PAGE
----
Presentation to the All Party Political Group for Ovarian Cancer: Wednesday 5 June 2013
The situation in Wales
There is no Cancer Drug Fund in Wales. The Welsh Government has devolved decision-making to the seven Local Health Boards. Our oncologists have to make an Individual Patient Funding Request, an IPFR, to the board responsible for each patient’s care. A picture is emerging of an unethical situation where some boards are very likely to approve the request and others have not approved a single application for Bevacizumab to treat Ovarian Cancer.
I’ve been unable to produce statistical evidence for the meeting today despite having made Freedom of Information Requests to every health board in Wales. I can therefore only bring circumstantial evidence to the table. I bring you my story. I believe it’s factually accurate, and it’s an honest reflection of the situation in Wales regarding access to Bevacizumab.
I run the SE Wales Support Group for Women with Ovarian Cancer
Four members of our group were recently told they met all the eligibility criteria set out by NCDF and you would therefore assume in a fair society that IPFRs would be made for each one of them.
Their health care is provided by 3 adjacent health boards in S Wales.
Two of the women are treated by Cardiff and the Vale. Women receiving treatment from this health board at the Velindre Hospital Cardiff are given absolutely no hope that an IPFR would be successful. I’ve been told this board, the largest in Wales, has never approved a request for Bevacizumab to treat Ovarian Cancer.
On hearing this a member of our group became concerned. Her oncologist had submitted an IPFR to the Abertawe Bro Morgannwg Health Board and he had given her no indication that it might not be successful. She contacted her oncologist and she received the good news that the request had been granted as expected. She has now started her course of Avastin. We’re all very happy for her and expect her to benefit from the additional remission and quality of life associated with the drug.
A fourth member of our group lives in Monmouth. She is served by the Aneurian Bevan Health Board but receives her treatment at the Velindre Hospital in Cardiff. Some IPFRs have been approved by her health board so she won’t have to confront the tragic destiny of patients at the same hospital whose treatment is provided by Cardiff and the Vale. As you can see, a challenging and unacceptable ethical dilemma repeats itself daily at the Velindre Hospital.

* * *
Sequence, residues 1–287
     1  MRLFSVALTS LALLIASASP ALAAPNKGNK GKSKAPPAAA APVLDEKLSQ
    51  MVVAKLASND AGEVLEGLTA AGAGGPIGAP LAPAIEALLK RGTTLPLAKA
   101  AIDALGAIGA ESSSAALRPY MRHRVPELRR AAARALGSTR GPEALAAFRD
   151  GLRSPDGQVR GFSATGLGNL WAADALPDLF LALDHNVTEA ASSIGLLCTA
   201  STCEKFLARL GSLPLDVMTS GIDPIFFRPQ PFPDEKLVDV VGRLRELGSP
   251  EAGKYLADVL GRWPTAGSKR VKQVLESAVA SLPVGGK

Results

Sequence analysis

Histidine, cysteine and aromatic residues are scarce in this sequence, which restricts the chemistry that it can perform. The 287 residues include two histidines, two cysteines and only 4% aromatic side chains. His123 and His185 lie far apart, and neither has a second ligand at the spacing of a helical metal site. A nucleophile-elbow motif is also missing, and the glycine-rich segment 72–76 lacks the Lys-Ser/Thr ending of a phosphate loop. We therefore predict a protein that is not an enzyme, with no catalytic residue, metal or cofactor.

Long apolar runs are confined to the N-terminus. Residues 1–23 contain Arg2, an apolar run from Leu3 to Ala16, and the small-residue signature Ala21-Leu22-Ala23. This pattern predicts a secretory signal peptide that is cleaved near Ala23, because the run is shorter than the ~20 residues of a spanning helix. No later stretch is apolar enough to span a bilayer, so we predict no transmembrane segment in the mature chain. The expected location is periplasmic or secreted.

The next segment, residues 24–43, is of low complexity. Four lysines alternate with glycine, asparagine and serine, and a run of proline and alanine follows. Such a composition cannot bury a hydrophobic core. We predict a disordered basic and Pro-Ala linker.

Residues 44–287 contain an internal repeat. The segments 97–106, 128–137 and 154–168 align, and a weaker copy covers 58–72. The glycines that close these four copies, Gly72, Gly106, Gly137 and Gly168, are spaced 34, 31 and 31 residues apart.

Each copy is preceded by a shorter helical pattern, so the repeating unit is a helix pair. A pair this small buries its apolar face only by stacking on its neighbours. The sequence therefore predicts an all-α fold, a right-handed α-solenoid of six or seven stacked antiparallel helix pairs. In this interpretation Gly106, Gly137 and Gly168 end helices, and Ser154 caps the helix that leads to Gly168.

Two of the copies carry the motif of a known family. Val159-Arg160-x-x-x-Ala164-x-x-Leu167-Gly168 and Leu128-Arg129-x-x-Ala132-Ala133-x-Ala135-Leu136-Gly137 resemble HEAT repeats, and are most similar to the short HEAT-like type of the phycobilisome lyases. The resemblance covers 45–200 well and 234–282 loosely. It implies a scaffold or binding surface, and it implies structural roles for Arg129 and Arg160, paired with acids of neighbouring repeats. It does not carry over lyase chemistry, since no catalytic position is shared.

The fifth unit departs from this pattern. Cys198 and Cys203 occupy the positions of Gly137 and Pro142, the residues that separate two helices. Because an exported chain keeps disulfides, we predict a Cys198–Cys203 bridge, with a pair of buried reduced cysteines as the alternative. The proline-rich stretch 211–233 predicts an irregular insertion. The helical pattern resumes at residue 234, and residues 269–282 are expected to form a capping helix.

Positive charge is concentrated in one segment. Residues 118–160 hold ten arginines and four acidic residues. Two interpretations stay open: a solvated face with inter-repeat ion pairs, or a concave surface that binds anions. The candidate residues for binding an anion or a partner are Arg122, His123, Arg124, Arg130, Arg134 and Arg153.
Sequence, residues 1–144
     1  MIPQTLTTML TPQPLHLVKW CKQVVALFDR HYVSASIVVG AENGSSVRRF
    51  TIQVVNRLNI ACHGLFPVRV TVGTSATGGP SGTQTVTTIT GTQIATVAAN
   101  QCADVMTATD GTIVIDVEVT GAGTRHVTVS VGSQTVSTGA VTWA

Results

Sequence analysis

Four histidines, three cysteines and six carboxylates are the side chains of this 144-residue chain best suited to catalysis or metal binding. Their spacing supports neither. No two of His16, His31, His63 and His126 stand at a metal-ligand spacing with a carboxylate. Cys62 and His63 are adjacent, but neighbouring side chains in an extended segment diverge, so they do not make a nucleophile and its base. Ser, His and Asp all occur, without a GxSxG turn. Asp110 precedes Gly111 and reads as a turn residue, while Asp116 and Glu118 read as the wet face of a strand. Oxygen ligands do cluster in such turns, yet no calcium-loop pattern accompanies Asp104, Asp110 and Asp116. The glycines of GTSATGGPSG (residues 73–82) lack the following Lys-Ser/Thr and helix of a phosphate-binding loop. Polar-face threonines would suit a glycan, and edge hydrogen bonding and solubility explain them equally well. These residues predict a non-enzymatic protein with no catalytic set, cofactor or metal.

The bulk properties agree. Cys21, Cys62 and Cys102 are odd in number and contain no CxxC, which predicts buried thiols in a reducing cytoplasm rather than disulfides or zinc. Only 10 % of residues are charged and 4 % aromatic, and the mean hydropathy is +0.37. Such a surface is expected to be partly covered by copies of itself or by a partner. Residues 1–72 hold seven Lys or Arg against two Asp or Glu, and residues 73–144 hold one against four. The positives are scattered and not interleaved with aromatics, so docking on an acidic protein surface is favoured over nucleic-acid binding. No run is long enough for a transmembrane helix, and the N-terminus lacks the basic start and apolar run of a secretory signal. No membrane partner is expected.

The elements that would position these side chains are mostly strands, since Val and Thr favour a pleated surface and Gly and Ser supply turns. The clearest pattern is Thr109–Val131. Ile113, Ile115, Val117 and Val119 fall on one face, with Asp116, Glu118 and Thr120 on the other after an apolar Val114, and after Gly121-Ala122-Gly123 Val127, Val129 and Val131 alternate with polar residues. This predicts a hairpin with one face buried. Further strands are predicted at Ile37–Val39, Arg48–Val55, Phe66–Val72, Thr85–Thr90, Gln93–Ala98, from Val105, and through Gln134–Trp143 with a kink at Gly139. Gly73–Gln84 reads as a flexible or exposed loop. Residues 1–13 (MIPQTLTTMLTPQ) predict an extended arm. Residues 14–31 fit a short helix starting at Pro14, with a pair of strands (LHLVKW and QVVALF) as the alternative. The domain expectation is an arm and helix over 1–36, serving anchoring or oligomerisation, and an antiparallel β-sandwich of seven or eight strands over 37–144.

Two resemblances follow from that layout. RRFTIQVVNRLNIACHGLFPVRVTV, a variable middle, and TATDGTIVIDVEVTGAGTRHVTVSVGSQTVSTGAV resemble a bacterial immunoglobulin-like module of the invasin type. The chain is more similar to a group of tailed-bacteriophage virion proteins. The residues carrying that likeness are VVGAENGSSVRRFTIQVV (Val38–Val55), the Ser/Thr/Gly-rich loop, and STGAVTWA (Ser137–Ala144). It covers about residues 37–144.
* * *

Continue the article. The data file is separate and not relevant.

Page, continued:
Target Ovarian Cancer have asked me to tell you how I feel.
How do I feel as a UK Tax Payer and having paid NI for over 42 years? I am bewildered I’ve begun to feel over the 2 years of my cancer journey that I’m not getting a fair deal by comparison to other parts of Wales or the UK.
How do I feel as a resident of Wales? I’m disappointed. Having a devolved administration was meant to make things fairer. The system in Wales is dividing its patients into sheep and goats and the judgement upon us appears to be based on nothing more substantial than a postcode lottery.
How do I feel as a woman with advanced and incurable ovarian cancer living in Cardiff?
I feel cheated. In effect I have no access to Bevacizumab. I am about to have a second line of chemotherapy and I should be eligible to receive it as I meet all the published criteria. However I find there are additional unpublished criteria for access to a drug that would extend and improve the quality of my life. I live in Cardiff, Wales’ Capital City and I’m treated at Wales’ leading Cancer Centre. These have become the barriers to my obtaining Bevacizumab.
I’m aware that you’re not able to help directly and I now need to make my case in Wales. I’ll leave you with this thought.
In 2008 Wales launched a drive to improve its poor record of cancer survival. The Welsh Government has set out to achieve five-year survival rates comparable with the best in Europe by the year 2015 and yet its largest health board refuses all requests for a drug that prolongs and improves the quality of life for women with Ovarian Cancer.
I’d like to conclude by thanking Target Ovarian Cancer who do so much to support women living in all regions of the UK and who invited me to speak today, and I’d like to thank all of you who have listened to my story.